It occurred to me that closet analysis should be part of any psychotherapy sessions with a Freudian. The ego: That would be the clothes representing the private side–say, the comfort clothes a woman wears when she is alone and sick at home with the flu, when she is her essential miserable self. In my case, that would be the oversize fleecewear and the babydoll dress I bought a dozen years ago that reminded me of the babydoll dress I wore when I was 14 and questioned almost nothing told to me. Among the comfort clothes I wear–and I know this will sound sick–are the pink pajamas my mother wore the last week of her life. In that vein, there are also the wool Bavarian slipper socks that were a Christmas present from a friend who died too young, the nightgown I wore the night after my father died, and the six sweaters my mother knitted the following year and gave me when I gladly escaped her clutches and started college a year early. Those were the sweaters I never wore again until my 30s, when I found them stuffed in a cardboard box of old clothes.
As for the superego, those are the clean clothes a person wears in public as an adaptation to a social setting, situation, or purpose-the fashions that make a woman look sexy to a suitor, younger at a reunion, or sensibly boring to a future mother-in-law. They are the suits that have already proven their worth during successful interviews and speeches, the clingy top that led to a pleasantly consummated dalliance, the pants that fit after six months of exercise. Often those outfits are advanced front and center. But they are always subject to demotion; once they fail at their intended purpose, they're shoved to the back, along with impulse items never worn, whose price tags had once made them irresistible and now remind us how little we value our intelligence. To throw them away only magnifies the stupidity. At the farthest reaches of the closet-in the corners of the topmost shelves, squeezed behind uncoded shoe boxes, crammed at the back of drawers, or hidden under a pile of flip-flops and unused running shoes–resides the id. This is the underwear you will have on when you wake up in the ambulance, the permanently stained clothing, and other ghastly things you would disclose only under hypnosis.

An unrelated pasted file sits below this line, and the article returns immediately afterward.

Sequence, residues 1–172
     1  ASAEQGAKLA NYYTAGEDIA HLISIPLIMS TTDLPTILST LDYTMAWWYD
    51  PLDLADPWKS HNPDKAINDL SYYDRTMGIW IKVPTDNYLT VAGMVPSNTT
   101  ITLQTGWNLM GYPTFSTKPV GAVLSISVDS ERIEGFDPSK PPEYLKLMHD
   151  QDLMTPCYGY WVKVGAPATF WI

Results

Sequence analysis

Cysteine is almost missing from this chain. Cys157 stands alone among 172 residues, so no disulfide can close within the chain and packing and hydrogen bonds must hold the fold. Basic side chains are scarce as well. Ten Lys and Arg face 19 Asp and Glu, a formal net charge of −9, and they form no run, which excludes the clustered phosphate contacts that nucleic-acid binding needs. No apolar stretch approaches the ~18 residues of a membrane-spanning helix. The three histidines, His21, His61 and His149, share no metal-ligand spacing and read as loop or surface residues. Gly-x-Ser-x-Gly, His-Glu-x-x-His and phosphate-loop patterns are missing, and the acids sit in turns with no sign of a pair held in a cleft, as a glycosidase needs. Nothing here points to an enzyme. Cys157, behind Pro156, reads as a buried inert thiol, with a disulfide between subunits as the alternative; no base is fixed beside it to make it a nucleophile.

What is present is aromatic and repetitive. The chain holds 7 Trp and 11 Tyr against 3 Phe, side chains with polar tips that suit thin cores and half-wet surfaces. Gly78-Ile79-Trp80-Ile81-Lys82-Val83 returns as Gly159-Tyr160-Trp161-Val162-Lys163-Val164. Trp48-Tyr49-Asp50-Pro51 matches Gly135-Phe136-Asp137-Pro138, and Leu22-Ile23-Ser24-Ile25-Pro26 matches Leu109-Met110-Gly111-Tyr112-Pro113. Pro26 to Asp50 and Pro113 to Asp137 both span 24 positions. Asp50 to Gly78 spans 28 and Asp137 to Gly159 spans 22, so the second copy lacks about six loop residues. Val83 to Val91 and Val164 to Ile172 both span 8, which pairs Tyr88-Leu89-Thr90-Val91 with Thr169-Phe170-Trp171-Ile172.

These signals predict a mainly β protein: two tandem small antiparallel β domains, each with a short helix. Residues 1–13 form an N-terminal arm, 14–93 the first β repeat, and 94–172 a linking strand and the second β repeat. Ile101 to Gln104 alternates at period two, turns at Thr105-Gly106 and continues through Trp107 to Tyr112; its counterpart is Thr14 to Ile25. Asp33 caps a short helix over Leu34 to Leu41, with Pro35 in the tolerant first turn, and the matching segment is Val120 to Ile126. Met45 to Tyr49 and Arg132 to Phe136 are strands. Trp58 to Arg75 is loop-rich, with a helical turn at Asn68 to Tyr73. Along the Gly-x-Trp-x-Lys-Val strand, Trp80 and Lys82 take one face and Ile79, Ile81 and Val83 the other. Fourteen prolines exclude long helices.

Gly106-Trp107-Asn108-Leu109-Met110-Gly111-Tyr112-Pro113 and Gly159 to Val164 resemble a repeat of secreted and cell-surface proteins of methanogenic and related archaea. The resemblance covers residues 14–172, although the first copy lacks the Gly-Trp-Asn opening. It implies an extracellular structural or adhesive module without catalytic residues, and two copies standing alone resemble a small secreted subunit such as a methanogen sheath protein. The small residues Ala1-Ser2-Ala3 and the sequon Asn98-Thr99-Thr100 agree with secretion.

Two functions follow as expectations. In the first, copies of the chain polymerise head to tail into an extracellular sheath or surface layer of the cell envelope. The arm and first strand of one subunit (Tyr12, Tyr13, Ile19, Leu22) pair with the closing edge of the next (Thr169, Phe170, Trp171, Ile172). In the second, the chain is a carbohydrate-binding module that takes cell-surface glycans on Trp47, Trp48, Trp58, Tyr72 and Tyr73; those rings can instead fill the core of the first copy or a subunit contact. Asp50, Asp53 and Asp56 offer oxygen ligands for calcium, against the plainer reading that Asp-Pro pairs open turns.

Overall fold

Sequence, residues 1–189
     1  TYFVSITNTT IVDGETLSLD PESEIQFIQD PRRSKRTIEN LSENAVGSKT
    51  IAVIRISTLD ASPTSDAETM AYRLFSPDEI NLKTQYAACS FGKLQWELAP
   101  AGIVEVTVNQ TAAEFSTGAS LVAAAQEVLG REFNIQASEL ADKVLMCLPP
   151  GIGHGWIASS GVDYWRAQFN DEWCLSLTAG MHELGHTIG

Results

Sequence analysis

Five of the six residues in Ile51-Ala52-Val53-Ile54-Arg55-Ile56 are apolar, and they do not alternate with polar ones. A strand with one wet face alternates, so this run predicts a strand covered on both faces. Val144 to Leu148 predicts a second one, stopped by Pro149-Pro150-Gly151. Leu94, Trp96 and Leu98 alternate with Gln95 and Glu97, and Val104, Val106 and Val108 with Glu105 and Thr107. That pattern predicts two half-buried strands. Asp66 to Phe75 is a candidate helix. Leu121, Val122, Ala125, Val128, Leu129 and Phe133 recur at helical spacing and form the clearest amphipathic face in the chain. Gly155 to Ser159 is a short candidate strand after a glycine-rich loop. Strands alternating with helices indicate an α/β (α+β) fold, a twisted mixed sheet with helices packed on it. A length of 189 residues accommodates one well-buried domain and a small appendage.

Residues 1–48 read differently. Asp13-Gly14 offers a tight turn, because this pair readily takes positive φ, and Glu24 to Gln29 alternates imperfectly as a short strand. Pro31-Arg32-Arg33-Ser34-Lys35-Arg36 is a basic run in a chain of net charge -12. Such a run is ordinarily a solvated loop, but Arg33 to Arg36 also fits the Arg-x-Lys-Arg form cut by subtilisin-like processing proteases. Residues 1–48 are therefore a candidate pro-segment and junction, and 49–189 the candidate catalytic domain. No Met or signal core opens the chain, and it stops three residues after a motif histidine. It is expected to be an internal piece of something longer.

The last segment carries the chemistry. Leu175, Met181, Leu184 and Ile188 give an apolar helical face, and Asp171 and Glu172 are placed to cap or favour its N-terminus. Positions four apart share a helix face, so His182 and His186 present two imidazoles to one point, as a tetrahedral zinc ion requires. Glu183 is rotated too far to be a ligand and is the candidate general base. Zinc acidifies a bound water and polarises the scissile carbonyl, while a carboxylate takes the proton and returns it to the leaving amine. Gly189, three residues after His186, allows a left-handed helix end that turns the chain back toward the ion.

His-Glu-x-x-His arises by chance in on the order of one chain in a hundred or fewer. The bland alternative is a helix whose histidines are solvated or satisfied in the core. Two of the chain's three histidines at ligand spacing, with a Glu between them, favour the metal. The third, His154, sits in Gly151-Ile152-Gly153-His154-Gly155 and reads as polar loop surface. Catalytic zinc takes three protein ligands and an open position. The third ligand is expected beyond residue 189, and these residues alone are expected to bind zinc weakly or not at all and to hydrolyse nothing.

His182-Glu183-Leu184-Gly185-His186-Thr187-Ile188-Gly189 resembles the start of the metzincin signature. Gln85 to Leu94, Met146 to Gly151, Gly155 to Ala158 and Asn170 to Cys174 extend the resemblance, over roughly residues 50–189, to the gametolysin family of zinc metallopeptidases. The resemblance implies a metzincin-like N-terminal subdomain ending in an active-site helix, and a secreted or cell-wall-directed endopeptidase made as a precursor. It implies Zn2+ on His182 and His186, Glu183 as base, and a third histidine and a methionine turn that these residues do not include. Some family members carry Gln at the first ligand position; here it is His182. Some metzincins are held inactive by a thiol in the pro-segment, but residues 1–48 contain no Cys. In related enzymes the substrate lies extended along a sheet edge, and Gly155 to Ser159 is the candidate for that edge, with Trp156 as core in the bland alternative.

I tried to rationalize the untidy personality within my closet as complex and not twisted like the wire hangers I got for free from the dry cleaner's.
If my personality lies in my closet, I further justified, then it is disorganized because I find it impossible to live an orderly life when it is chaos and confusion that serve me best as a writer. Messiness is the impetus, the disarray is the wellspring, even the shameful parts–especially those. I dredge them up and salvage them over and over again. I cannot discard clothes if they were gifts, no matter how hideous. To do so would make me feel ungrateful for friendship. The clutter within a closet is fond memories, hard-learned mistakes, comfort for future cold nights. That was my excuse, anyway. Until recently.